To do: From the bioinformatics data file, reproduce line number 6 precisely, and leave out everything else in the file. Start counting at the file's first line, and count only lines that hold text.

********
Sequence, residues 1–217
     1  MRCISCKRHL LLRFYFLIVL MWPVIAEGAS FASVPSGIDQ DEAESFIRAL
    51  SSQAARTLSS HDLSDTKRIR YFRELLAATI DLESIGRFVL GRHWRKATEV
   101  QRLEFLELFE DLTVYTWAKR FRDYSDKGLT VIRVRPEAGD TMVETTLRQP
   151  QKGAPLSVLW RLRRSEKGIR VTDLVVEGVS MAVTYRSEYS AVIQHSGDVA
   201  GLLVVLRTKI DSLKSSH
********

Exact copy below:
   201  GLLVVLRTKI DSLKSSH